Egypt: The Herald of Neo-Liberalism in the Arab World?
A lot has happened in Egypt in very little time. Hosni Mubarak has attempted time and time again to equivocate some manner of grasping onto power just that little bit longer, like a hobo and his crackpipe, which has resulted in firm rebuffs from a young Egyptian population sick of dictatorial rule. There have been deaths, naturally, and there was a fear that the revolution would not be televised, but none of this has dissuaded the common mistrust for anything tainted by the touch of Mubarak. The anarchists must be squealing with delight…
…But lessons we could learn from Egypt are still premature. The situation is fluid and a lot can change very quickly, and anarchic rule is almost certainly a childish fantasy right now. Attempting to divine what the long term international relations impact of this would be foolish right now, as it’s quite simply too early to tell. Once the dust has literally settled, IR pundits can start stroking their crystal balls and making grand prophecies of sweeping reform across the Middle East.
And perhaps there is a grain of truth to this. What we have seen are a slew of largely-authoritarian, hardliner Arab states being subjected to everything from mild protest to outright revolution in the hundreds of thousands. But the one major pattern we can definitely see is a strong urge by Arab citizens towards democratic political systems.
One tenet of neo-liberalism recommends the geographical and actual spread of democratic principles, economic, political and social (probably in that order too), and there is a grain of this occurring in the region at the moment.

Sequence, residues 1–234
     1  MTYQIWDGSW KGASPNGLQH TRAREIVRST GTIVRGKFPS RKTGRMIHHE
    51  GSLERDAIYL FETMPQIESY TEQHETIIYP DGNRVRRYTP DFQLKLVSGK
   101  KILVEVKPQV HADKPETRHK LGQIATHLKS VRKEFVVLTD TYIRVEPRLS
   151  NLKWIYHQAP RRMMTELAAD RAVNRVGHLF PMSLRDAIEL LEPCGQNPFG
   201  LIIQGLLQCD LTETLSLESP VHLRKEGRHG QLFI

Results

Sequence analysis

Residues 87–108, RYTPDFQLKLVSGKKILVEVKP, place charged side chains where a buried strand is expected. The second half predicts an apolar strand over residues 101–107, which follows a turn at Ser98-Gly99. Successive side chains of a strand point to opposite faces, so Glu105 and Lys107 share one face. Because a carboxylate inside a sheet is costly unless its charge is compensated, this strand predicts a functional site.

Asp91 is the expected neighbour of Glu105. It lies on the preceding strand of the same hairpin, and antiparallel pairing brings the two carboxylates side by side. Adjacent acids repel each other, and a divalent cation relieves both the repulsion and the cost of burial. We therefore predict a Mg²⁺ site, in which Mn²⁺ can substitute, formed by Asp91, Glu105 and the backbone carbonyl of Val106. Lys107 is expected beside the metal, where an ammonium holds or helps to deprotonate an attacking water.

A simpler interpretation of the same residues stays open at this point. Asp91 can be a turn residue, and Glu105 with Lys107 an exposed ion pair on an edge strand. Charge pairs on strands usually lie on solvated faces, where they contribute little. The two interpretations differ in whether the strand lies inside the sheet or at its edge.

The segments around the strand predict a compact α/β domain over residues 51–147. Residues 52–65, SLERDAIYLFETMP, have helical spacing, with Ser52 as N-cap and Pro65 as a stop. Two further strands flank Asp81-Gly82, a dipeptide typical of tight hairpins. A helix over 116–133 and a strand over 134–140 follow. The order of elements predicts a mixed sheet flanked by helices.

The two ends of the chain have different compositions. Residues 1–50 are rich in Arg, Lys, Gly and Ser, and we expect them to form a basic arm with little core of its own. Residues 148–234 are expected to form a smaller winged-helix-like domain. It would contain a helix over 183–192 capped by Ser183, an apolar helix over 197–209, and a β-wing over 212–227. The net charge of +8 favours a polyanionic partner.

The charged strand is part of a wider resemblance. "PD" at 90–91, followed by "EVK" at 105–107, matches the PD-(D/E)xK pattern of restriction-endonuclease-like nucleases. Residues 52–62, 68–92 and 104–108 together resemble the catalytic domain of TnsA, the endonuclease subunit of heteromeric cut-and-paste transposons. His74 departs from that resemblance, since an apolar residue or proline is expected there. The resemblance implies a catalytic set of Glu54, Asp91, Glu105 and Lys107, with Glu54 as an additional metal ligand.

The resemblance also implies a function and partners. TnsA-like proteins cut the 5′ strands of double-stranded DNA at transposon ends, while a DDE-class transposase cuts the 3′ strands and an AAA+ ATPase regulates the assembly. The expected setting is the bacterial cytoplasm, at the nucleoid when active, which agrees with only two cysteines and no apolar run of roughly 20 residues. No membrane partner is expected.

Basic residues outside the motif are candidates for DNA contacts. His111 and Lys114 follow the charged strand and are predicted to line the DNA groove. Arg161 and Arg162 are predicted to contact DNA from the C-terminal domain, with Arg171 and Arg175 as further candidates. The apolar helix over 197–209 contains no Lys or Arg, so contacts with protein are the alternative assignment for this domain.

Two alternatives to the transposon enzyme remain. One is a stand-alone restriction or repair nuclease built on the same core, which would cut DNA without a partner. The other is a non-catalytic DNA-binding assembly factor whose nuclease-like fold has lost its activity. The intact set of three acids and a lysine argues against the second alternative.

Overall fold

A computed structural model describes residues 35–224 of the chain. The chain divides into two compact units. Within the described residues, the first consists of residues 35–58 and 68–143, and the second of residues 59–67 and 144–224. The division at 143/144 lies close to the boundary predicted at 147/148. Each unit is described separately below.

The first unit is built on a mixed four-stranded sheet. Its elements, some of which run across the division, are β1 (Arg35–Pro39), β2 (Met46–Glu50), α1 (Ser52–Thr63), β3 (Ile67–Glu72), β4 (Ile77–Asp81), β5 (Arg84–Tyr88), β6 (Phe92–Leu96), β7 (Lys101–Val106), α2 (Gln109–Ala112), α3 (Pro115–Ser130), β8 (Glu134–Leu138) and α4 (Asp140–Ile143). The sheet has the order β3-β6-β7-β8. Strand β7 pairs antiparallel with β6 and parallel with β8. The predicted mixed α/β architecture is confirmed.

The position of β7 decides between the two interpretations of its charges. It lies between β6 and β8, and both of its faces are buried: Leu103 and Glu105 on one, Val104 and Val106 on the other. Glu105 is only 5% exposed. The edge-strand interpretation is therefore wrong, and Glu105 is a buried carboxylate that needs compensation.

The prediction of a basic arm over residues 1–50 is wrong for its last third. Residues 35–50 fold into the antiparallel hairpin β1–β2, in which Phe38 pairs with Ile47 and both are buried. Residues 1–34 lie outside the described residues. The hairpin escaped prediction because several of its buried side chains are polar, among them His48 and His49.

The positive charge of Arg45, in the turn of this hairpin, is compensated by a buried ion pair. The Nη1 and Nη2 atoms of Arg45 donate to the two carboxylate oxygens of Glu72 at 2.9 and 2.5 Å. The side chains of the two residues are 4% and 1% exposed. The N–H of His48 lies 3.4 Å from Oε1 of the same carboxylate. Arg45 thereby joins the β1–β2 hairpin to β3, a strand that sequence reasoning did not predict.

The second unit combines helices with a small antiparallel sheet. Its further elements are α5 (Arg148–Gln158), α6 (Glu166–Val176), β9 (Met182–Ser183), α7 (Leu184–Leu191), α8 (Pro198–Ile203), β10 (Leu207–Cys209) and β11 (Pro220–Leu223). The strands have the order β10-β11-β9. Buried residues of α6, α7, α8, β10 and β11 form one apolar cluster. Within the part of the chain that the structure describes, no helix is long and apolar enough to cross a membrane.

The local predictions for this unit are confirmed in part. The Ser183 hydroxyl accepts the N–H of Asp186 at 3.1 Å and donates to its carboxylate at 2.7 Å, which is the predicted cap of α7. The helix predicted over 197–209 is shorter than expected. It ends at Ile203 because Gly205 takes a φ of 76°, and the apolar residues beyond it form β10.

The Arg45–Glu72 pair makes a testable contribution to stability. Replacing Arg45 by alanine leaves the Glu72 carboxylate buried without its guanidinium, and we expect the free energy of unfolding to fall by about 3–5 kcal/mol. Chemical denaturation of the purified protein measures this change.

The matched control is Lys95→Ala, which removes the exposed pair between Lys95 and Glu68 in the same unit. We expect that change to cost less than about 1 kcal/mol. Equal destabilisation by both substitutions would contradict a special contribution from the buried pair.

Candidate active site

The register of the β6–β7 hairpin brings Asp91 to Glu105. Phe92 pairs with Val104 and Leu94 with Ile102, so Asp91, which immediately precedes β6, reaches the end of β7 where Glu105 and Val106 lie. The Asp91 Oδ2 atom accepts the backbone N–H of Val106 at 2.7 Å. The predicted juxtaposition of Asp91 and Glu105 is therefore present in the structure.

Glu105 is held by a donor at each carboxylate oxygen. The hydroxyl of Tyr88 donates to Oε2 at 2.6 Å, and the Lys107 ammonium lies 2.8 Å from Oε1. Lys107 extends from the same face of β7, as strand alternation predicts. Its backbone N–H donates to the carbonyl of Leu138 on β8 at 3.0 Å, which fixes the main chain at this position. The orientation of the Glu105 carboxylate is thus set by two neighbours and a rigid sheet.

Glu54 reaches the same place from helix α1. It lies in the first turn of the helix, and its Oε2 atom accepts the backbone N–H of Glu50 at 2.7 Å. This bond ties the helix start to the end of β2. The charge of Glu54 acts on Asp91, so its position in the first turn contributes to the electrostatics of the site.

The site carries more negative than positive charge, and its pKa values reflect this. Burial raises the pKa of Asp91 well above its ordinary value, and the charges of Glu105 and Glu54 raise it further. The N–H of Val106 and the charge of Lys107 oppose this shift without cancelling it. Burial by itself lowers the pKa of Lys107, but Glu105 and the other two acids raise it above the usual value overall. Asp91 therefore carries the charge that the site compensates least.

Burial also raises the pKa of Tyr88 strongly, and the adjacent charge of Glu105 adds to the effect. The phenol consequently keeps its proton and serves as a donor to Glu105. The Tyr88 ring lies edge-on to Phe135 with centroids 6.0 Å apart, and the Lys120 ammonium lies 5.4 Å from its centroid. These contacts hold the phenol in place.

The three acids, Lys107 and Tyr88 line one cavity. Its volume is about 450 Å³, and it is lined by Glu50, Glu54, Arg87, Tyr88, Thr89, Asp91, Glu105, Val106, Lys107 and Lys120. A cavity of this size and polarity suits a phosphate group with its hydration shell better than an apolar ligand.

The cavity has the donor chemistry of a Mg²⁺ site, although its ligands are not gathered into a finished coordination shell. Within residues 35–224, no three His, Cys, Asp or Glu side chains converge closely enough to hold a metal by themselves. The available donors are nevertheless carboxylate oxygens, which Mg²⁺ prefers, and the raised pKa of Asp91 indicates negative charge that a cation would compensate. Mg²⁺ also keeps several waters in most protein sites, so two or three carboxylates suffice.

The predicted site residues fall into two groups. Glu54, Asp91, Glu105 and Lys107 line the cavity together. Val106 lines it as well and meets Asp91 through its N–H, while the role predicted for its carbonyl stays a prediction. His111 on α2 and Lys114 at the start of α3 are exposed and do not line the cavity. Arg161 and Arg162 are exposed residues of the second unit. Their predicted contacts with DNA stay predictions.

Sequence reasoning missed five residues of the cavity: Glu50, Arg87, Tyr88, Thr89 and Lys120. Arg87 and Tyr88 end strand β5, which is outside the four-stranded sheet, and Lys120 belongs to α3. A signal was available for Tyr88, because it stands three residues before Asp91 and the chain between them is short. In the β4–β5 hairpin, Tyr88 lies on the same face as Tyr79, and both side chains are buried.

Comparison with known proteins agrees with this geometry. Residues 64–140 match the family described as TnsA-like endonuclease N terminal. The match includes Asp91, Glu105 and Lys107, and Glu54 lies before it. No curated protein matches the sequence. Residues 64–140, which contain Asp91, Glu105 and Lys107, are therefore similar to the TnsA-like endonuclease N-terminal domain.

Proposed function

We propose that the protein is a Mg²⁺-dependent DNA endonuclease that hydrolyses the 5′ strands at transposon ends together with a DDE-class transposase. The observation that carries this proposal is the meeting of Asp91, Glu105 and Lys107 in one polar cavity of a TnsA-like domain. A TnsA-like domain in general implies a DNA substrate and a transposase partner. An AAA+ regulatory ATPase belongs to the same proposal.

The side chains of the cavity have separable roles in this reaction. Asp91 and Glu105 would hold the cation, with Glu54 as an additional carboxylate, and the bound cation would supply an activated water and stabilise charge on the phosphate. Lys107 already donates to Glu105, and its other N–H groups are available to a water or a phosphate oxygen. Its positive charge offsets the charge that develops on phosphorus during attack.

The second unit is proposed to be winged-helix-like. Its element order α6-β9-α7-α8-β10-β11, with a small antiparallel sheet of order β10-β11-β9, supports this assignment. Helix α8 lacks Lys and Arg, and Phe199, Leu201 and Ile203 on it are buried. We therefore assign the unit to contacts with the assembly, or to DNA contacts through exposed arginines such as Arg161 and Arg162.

They want the vote, they want fixed terms on their leaders, they want freedom of speech. Previously in the Arab world these things generally only existed in the strangest of places such as, ironically, Israel and a newly-liberated Iraq. But with Tunisia opening the floodgates, there is a strong desire, or at least the atmosphere of it, for democratic reforms. Syria has promised some minor improvements already, Jordan is doing its crazy best when considering that criticism of the King is illegal, and thus focus on the government, and Egypt pretty much speaks for itself.
One tenet of neo-liberalism recommends the geographical and actual spread of democratic principles, economic, political and social (probably in that order too), and there is a grain of this occurring in the region at the moment. Sure, communists, anarchists and radical islamists would probably see this revolutionary wave as a springboard for something more ambitious in terms of their chosen ideological flavour, but I have to wonder if a newly-energised Arab public would accept that.
Regardless of actual democratic reforms, what is crucial to take from this so early on is that a dialogue has been created on a regional front, for the first time in, well, ever in the Arab context. Like the neo-liberalist champion Fukuyama espoused, once that can of democratic worms is released, once a dialogue has started, it becomes incredibly difficult to shut it out again.
2011’s spate of revolutions in the Arab world may just end in wanton bloodshed and harsher repression, but the simple truth that the common people have been able to maintain this wave of desire for reform cannot be forgotten. Regardless of the outcomes in Tunisia, Egypt, Jordan, Syria and who knows where else, the spirit of democratisation will have taken root. That in itself is a slow poison for dictators, and something worth noting as this all unfolds.